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The Next Charlton Great

By Matt Osborne
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At six-foot, 205 pounds, and with a frame that one scout referred to as “that of a 22-year old”, Andrew Lee is like a man playing amongst boys when he lines up at running back for the Charlton County Indians in Folkston, Georgia.

Simply put, Andrew Lee is far from your typical 10th grade football prospect.

At six-foot, 205 pounds, and with a frame that one scout referred to as “that of a 22-year old”, Lee is like a man playing amongst boys when he lines up at running back for the Charlton County Indians in Folkston, Georgia. 

Despite not even being halfway through his high school career, Lee already puts up staggering numbers in the weight room. Utilizing the advantages presented to him by his exceptional frame, Lee has posted personal bests of 255 pounds on power clean, 405 pounds on squat and 275 pounds on bench press. All of that, amazingly, took place even though he was severely hindered in the weight room for a lengthy period of time due to a nagging injury.

Just stepping off of the bus can be an overwhelmingly intimidating sight for Lee’s opposition. Even amongst elite players, he stands out as an athletic specimen that can be rivaled by few.

Many high school defenders are admittedly afraid of making square contact with Lee because of his raw combination of size and power.

The good news for those defenders, however, is that it is nearly impossible to make square contact with Lee because he is just as fast as he is strong.

At the recent Explosive Southern Pigskin Camp in Waycross, Lee turned in a blazing 4.47 40-yard dash, while being honored as the camp’s top performer in the shuttle with a time of 4.06.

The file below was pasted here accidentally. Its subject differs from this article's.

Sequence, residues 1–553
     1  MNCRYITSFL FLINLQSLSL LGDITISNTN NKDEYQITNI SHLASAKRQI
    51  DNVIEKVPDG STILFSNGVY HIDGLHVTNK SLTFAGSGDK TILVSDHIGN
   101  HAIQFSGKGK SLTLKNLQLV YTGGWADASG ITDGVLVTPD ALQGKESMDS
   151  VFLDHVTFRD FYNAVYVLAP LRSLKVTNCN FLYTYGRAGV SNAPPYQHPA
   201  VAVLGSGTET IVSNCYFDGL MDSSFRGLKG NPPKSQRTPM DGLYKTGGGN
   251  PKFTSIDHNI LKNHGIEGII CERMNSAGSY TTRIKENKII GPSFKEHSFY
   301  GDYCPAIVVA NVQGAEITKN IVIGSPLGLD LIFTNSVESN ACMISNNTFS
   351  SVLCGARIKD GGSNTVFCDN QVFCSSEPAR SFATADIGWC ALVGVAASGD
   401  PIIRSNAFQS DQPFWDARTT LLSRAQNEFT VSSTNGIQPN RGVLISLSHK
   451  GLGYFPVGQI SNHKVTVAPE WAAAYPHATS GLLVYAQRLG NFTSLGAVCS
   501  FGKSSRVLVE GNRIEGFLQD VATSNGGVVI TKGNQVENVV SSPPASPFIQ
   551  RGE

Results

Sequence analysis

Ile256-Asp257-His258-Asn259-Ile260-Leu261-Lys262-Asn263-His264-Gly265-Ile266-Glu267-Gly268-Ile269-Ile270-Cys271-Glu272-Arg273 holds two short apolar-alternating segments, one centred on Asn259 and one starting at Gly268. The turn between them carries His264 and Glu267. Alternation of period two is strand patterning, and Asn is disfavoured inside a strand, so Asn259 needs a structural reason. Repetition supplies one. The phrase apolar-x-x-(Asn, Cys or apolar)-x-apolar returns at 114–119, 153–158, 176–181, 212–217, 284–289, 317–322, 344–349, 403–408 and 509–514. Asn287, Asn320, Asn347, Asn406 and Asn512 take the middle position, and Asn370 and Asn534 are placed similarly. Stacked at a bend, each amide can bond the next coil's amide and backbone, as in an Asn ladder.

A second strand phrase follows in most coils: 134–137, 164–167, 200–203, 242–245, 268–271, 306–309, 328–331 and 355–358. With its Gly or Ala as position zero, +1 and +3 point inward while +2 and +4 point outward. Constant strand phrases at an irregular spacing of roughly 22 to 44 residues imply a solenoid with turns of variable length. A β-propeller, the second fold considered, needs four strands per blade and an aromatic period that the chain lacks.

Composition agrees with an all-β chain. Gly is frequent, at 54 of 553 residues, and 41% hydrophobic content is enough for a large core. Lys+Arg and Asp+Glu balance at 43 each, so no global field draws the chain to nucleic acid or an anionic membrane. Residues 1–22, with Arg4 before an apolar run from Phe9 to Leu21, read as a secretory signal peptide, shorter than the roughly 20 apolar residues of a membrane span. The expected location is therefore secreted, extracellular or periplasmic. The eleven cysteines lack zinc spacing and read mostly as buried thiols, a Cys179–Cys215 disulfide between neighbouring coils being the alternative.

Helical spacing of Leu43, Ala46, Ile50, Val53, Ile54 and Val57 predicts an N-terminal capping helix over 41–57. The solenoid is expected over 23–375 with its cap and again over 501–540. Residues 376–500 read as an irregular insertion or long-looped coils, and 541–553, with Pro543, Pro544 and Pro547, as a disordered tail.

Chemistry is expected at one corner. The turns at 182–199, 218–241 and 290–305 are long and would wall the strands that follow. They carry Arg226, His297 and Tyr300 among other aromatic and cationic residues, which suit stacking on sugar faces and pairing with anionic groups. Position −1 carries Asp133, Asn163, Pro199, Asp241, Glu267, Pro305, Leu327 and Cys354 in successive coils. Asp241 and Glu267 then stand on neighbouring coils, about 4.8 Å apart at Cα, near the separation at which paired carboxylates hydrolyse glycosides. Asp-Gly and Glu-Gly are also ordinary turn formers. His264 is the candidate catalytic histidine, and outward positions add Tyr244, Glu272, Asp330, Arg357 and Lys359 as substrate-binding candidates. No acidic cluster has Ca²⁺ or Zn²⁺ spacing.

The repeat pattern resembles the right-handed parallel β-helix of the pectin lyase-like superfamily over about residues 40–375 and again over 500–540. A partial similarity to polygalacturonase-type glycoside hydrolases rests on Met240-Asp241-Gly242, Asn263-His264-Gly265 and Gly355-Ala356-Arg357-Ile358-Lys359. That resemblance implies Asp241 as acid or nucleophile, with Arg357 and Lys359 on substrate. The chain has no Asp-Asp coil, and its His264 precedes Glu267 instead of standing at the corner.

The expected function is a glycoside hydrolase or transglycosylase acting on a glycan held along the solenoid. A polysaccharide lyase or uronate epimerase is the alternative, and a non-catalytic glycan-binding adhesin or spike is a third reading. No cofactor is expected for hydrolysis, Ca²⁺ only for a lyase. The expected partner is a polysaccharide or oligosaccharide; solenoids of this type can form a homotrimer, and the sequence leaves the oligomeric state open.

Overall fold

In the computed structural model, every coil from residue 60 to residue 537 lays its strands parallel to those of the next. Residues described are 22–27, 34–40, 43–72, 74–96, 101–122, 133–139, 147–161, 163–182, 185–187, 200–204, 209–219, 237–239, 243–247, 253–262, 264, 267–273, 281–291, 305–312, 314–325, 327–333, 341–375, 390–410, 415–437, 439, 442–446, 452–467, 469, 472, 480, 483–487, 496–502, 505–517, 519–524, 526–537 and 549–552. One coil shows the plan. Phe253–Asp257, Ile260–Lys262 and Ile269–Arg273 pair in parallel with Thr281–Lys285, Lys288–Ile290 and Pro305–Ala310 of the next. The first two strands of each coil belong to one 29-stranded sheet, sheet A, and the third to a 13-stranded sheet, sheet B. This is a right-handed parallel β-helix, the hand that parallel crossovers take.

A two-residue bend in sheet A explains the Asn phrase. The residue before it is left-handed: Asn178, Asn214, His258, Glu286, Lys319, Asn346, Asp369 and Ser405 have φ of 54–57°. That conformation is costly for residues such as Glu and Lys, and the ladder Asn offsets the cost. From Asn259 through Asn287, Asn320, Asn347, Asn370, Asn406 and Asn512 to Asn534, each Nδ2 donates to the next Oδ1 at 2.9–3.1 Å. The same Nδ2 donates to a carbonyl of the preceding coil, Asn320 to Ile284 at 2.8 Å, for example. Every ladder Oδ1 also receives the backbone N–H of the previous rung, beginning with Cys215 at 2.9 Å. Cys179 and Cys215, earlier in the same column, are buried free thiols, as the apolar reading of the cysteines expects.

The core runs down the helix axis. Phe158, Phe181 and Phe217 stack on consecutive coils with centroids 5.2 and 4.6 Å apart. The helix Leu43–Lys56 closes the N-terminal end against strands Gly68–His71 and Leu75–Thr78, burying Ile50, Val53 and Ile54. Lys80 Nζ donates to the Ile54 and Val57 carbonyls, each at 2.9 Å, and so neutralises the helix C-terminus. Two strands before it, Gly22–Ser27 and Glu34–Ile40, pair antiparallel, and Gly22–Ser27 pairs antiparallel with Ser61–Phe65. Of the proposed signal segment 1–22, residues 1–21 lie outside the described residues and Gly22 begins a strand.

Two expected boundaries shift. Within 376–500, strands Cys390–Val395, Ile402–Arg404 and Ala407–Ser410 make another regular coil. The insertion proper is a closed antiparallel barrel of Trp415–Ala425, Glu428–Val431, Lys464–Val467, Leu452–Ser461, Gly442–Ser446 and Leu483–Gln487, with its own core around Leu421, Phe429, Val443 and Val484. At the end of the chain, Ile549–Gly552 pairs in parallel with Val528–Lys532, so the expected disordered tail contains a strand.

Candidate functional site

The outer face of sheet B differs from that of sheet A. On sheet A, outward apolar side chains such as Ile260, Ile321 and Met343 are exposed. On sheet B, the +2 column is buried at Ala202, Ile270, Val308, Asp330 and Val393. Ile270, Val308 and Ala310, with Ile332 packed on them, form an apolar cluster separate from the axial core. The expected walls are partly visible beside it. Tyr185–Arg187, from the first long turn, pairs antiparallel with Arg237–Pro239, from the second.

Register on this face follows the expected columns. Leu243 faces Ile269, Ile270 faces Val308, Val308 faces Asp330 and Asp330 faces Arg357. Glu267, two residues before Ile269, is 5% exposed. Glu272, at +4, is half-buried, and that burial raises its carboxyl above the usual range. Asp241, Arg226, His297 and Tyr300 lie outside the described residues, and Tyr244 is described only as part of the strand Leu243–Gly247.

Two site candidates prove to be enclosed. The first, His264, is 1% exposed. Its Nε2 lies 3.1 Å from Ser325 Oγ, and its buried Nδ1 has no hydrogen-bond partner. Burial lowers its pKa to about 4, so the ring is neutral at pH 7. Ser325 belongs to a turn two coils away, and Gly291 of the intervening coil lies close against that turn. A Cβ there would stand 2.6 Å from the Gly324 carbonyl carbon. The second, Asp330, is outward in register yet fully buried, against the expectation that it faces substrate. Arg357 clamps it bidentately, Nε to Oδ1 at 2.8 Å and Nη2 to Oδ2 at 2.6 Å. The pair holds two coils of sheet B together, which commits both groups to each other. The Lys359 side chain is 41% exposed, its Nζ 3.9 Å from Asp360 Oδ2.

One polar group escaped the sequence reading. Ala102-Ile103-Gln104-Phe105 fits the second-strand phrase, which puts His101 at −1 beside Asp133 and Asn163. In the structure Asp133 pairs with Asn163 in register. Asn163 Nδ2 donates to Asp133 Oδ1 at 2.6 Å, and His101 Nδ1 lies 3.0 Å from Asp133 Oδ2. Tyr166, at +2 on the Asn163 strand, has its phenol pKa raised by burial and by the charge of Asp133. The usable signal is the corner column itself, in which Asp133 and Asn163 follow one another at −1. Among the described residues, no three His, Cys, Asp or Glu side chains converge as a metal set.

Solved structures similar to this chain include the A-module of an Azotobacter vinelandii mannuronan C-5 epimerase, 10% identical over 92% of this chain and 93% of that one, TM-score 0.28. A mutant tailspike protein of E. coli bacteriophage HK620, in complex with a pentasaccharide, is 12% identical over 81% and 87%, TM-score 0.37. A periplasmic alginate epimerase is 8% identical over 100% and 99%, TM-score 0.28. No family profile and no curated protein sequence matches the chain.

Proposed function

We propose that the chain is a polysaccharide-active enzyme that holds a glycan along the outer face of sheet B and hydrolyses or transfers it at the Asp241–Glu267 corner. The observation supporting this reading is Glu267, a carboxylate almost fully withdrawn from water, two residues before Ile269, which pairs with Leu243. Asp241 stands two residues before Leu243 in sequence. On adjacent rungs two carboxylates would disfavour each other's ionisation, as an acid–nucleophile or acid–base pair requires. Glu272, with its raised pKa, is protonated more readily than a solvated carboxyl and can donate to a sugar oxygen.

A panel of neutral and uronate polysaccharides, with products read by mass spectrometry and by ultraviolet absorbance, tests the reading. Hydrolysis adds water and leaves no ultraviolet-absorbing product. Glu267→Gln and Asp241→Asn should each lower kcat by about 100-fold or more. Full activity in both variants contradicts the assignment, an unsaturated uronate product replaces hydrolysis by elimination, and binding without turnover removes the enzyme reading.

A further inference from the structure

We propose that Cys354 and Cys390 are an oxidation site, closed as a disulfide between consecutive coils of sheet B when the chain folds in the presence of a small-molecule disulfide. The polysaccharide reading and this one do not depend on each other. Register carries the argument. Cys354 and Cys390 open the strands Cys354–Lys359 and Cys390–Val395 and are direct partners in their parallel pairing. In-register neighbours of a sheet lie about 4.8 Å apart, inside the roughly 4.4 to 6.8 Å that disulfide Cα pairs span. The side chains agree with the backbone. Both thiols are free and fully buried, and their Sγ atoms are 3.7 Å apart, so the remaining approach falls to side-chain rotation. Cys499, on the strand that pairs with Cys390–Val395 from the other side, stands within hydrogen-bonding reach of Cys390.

“I feel like I did pretty good,” Lee said of his camp performance. “I only went to one camp as a freshman, so it felt good to do it again and to perform well. The camp instructors told me that I am pretty good and that I need to keep up the hard work.”

With such remarkable physical attributes at his disposal, the question certainly may be asked: Why is Lee not already a household name?

The answer to that question, it turns out, is quite simple.

“I didn’t even start playing in games this past season until the final three games of the regular season,” Lee recently told Southern Pigskin. “I broke my arm as a freshman, and I had surgery to have plates put in it. At the beginning of my 10th grade year, I took a risk and when out in full pads when I probably wasn’t ready, and I broke it again. After that, I had to sit out seven games until I was healthy enough to play.”

While he was forced to miss 70 percent of the regular season due to his injury, Lee wasted no time in making his impact felt for the Indians. Playing only the final three regular season games and all of the playoff contests, Lee finished his sophomore campaign with 127 carries for 1,157 yards and 14 touchdowns. He is the main reason that the Indians went from being a slightly above-average team during the regular season, to a team that ultimately reached the Georgia Dome to play for a state championship.

Now playing at 100 percent health, Lee is poised to become one of the star recruits in the class of 2016.

Running backs with his combination of size, power, speed and agility simply don’t grow on trees, making him a commodity to college coaches across the country.

The good news for those college coaches is that they still have time to enter the mix for his services, as he is currently focusing all of his attention of being the best high school player he can be.

“To tell you the truth, I always tell people I’m just trying to make it out of high school first,” remarked Lee. “I want to focus my attention here before I look at my college decision.”

Right now, one thing is certain: When he does get around to making his college decision, he will have plenty of options from which to choose.

Charlton County is a football powerhouse with a rich tradition of producing talent for the collegiate level.

Before all is said and done, there is little doubt that Andrew Lee will be regarded as one of the top prospects to ever come out of the South Georgia school.

Andrew Lee Hudl

Matt Osborne - Matt Osborne currently serves as the director of recruiting and lead editor for Southern Pigskin. His work has been published in a number of national publications, including USA Today. Although he loves all levels of football, Matt's number one joy in his life is his relationship with Jesus Christ. Follow Matt on Twitter: @MattOsborne200. For media requests, please email Matt at